Rant launches Eric Raymond's next project: open-source the UPS
Batteries suck, chargers suck, monitoring sucks: surely we can do better than this
In February, developer and open source software advocate Eric S Raymond ranted that the Uninterruptible Power Supply market was overdue for open source disruption, and touched so many nerves around the world that the rant has become a project.
Last week, ESR opened up the work-in-progress on GitLab: the Upside project is currently defining requirements and developing a specification for a “high quality UPS that can be built from off-the-shelf parts in any reasonably well-equipped makerspace or home electronics shop”.
ESR's original post, “UPSes suck and need to be disrupted”, set down his own complaints about what's sold to consumer/SOHO users: batteries with “so little deep-cycle endurance” that they can't last beyond a few years, and whose dwell-time is oversold by vendors.
UPSs lack the kind of sensor information that protected car batteries, Raymond wrote: they measure output voltage, discharge current, and battery temperature, to predict its likely dwell time and identify when batteries are failing.
Finally, Raymond wrote he want the UPS to provide text-based alarm messages (rather than flashing lamps), and to provide decent monitoring information over USB.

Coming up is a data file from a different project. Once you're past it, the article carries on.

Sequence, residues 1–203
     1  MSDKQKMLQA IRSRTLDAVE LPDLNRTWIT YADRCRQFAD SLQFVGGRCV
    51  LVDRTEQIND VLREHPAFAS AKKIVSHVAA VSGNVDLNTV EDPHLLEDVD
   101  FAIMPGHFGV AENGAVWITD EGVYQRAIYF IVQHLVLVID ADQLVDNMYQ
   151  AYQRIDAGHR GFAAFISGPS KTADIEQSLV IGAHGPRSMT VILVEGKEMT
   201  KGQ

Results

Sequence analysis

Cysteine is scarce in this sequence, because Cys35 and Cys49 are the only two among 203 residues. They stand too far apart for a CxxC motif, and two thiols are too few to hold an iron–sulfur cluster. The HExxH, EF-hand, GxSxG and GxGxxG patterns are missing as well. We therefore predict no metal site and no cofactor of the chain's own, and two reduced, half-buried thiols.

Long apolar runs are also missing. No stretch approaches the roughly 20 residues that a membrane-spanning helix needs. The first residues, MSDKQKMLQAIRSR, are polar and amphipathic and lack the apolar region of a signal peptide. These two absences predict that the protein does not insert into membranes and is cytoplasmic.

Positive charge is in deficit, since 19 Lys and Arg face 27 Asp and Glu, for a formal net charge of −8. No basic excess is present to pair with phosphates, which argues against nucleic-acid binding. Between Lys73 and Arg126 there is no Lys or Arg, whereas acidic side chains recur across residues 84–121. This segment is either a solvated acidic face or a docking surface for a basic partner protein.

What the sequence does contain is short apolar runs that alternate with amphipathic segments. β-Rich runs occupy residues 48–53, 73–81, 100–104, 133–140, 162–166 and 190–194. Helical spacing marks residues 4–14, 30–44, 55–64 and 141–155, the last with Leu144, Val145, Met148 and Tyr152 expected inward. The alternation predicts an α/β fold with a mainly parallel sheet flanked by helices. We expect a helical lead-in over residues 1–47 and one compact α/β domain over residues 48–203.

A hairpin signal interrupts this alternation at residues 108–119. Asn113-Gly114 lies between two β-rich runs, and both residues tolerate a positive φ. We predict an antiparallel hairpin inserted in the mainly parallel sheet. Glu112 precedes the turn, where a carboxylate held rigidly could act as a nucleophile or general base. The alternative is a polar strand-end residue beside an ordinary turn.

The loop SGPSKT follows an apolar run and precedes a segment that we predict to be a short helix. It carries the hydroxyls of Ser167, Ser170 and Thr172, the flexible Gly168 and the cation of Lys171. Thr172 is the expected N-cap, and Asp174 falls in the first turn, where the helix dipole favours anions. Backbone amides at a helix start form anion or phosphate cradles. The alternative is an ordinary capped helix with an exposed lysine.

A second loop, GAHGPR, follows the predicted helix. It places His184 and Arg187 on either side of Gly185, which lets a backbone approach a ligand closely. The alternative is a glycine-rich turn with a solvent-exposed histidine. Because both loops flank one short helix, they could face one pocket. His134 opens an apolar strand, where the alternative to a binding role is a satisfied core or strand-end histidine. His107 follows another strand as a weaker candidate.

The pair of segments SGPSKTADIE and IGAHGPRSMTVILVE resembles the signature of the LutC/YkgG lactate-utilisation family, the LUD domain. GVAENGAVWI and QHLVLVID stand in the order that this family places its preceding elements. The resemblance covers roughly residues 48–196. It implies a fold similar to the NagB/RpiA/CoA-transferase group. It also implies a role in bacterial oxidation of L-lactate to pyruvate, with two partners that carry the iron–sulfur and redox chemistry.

Since that post, a handful of others have joined the project: Eric Baskin is leading hardware engineering for Upside, Jay Maynard is developing firmware, and Jeremy Mitts is copy-editing the documents; and the group has expanded the requirements.
The newrequirements document has expanded to include:
- Smart charging – to preserve the battery, the charging circuit needs to be more than a constant trickle-charge that degrades the battery;
- Batteries – should be more sophisticated than lead-acid; LiFePO (lithium iron phosphate) is suggested instead;
- The open source UPS should be able to deliver 300W for 15 minutes; and
- The UPS should fail to a bypass mode (that is, pass mains power through) rather than “off”, which Raymond wrote is too often the default for today's devices.
The Register has heard enough UPS horror stories to consider the project well worth watching. ®